As a result of developing his compositional style in the middle of the 20th Century, Westerberg was influenced heavily by the many forms of chromaticism in the contemporary music scene at the time. Westerberg individualizes his style by separating chromaticism from serialism, leaving serialism behind when incorporating chromaticism into his compositions.[1]

In addition to 20th Century concepts, the older idea of motif (music) is a large component of Westerberg's style. Westerberg was specifically influenced by Ludwig van Beethoven, Claude Debussy, and Béla Bartók, fascinated with how these composers worked with different musical motifs over the course of a work, how they were able to compress, stretch, and manipulate these themes over the course of a piece.[1]

In the last 20 years, Westerberg has purposely began to incorporate extended techniques for different instruments into his compositions, such as his trio for three clarinets. His focus when using these techniques is to incorporate them naturally into the vocabulary, so that they are an expressive part of the piece, as opposed to existing for their own sake.[1]

Reception[edit]

Westerberg was first recognized for his composition De Profundis, which he composed in 1970 in his second year of undergraduate studies at St. Olaf College.[10] The piece was composed in protest to the Vietnam War and the events at Kent State University and Jackson State University that year. Written for brass and percussion ensemble, jazz trio, chorus, and modern dancers, the work was premiered as a part of St. Olaf's 1971 homecoming events. Subsequent performances were heard in Minneapolis and Washington, D.C., where Westerberg and the St. Olaf musicians were invited for three performances in 1972. Invited by Rep. Albert Quie, R-Minn, the ensemble performed in the rotunda of the capitol building and in the House and old Senate office buildings.[11] Rep. Quie remarked, "A fine performance-very powerful and moving."[12] The performances in the United States capital received national attention, including an article in the Minneapolis Tribune and a National Public Radio interview with the composer.[1]

In 1997, Westerberg was featured in the Critic's Choice Column of the Chicago Reader, where he was recognized for his abstract style influenced by Charles Ives and Henry Cowell by way of Alan Stout.[13]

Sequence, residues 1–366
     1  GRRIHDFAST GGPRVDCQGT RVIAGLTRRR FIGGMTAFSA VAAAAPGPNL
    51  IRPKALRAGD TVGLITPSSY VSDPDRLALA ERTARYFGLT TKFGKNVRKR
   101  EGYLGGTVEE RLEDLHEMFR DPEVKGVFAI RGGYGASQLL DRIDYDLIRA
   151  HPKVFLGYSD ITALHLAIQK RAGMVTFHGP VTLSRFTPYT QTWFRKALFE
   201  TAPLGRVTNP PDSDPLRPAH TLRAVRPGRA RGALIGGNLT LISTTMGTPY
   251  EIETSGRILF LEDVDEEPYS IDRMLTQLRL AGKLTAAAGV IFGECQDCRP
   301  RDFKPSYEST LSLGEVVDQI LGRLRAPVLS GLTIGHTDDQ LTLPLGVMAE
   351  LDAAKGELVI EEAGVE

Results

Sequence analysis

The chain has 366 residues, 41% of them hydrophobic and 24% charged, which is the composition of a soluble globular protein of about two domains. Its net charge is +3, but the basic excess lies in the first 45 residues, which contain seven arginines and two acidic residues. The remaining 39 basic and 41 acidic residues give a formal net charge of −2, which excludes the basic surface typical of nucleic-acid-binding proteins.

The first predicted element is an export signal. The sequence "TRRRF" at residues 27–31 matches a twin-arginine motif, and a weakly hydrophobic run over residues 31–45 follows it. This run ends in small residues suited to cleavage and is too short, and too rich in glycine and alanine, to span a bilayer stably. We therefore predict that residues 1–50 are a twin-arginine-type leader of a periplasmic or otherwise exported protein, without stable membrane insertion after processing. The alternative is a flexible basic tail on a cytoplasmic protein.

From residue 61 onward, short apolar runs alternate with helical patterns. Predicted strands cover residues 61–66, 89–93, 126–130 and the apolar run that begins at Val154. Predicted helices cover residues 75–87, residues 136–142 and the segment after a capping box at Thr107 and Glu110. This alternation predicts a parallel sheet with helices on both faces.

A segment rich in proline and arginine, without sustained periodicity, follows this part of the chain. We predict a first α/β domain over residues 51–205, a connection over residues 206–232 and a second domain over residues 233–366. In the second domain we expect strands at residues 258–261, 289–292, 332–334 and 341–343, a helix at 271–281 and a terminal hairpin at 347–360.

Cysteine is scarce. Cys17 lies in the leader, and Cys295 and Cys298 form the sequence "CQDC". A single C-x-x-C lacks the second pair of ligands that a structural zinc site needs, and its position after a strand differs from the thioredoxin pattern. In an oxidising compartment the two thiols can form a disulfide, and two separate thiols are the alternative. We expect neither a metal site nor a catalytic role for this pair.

Recent performances[edit]

[8][14][15]

  • Night Music 1 for solo guitar (1994)
  • Fantasy for violin and piano (2005)
  • Sargasso for string quartet (1999)
  • In Time of Silver Rain for SATB chorus and piano (2007)
  • Fanfare for Brass and Percussion (2002; commissioned by DePaul University)
  • Night Music III for two marimbas (2002)
  • Rituals and Laments for solo percussionist (2009)
  • Nomads for flute, clarinet, and cello (2011)
  • Vision and Prayer for voices and chamber ensemble (2012)
  • Ensembles and Monologues for clarinet trio (2013)
  • Winterbourne for keomungo and chamber ensemble (2013)
  • Fragments, Remnants, Shards for flute, harp, and piano (2014)
  • Five Movements for Three Clarinets (2011)
  • Fantasy and Chaconne for solo viola
  • The Pianists for mixed chamber ensemble
  • Scenes from Childhood for double woodwind quintet

References[edit]

  1. ^ a b c d e f g h i j k l m n o p Westerberg, Kurt (October 26, 2015). "Westerberg Interview" (Interview). Interviewed by Kelley Sheehan; Laura Adkins; Daniel Meyers; Carl Colvin. Chicago, Illinois.
  2. ^ Sauve, Jeff (Winter 2013). "A Musical Prayer for Peace". St. Olaf Magazine. 60 (1): 54. Retrieved 1 November 2015.
  3. ^ Westerberg, Kurt. "Kurt Westerberg". School of Music. DePaul University. Retrieved 1 November 2015.
  4. ^ a b cite "Kurt Westerberg" School of Music
  5. ^ Flynn and Westerberg, George and Kurt (2014). Dual Visions (booklet). Flynn and Westerberg. Chicago, Illinois: Southport.
  6. ^ "Kurt Westerberg". Chicago Sound. Retrieved October 27, 2015.
  7. ^ Westerberg, Kurt (2010). Uncertain Light (booklet). Kurt Westerberg. Chicago, Illinois: Southport.
  8. ^ a b http://music.depaul.edu/faculty-staff/faculty-a-z/Pages/kurt-westerberg.aspx
  9. ^ cite cite "Kurt Westerberg" School of Music
  10. ^ cite Dual Visions album notes p. 52
  11. ^ "St. Olaf Students Sing War Protest in Capital". St. Paul Pioneer Press. May 26, 1972.
  12. ^ "Find 'De Profundis' 'powerful, moving,'". Northfield News. June 1, 1972.
  13. ^ Shen, Ted (February 6, 1997). "Kurt Westerberg". Critic's Choice, Chicago Reader. Retrieved October 27, 2015.
  14. ^ cite Uncertain Light album notes
  15. ^ cite Dual Visions album notes